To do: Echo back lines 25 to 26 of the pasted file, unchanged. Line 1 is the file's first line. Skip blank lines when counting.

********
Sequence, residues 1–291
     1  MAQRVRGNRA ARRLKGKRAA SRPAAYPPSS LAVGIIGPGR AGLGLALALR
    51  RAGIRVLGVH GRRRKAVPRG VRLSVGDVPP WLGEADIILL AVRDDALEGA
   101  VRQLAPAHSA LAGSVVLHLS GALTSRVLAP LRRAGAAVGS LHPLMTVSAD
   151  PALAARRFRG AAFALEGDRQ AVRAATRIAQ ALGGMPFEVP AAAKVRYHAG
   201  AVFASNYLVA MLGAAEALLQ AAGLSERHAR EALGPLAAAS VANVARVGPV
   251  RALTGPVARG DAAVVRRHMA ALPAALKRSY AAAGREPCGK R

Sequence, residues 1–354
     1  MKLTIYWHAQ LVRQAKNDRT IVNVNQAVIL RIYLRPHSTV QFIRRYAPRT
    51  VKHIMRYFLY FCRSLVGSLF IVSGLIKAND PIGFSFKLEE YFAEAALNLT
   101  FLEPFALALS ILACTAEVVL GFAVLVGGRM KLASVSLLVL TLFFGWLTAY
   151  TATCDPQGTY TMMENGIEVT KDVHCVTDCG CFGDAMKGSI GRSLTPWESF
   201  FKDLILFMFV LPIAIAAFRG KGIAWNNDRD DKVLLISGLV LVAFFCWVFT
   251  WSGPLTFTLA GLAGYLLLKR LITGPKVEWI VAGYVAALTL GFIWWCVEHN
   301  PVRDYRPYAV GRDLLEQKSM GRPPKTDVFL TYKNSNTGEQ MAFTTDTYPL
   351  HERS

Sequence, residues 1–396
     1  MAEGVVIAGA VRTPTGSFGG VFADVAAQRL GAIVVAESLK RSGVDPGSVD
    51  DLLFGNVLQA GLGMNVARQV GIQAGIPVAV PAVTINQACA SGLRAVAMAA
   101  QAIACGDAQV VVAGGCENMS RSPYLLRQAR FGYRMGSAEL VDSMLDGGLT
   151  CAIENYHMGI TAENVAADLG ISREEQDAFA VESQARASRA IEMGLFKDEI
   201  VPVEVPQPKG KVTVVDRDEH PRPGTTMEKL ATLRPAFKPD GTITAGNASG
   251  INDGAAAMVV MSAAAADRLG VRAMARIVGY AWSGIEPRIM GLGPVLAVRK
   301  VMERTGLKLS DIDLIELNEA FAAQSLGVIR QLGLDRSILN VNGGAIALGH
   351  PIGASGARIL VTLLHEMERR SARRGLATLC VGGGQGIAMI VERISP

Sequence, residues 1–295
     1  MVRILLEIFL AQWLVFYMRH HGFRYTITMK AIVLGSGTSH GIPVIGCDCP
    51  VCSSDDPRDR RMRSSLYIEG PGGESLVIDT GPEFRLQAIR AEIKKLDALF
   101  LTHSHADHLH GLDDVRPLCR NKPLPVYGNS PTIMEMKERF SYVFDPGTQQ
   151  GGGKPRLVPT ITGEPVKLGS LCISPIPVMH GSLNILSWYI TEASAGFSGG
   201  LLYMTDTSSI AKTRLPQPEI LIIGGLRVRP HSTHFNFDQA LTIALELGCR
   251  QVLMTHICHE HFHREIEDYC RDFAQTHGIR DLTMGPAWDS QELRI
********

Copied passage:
   351  PIGASGARIL VTLLHEMERR SARRGLATLC VGGGQGIAMI VERISP

Sequence, residues 1–295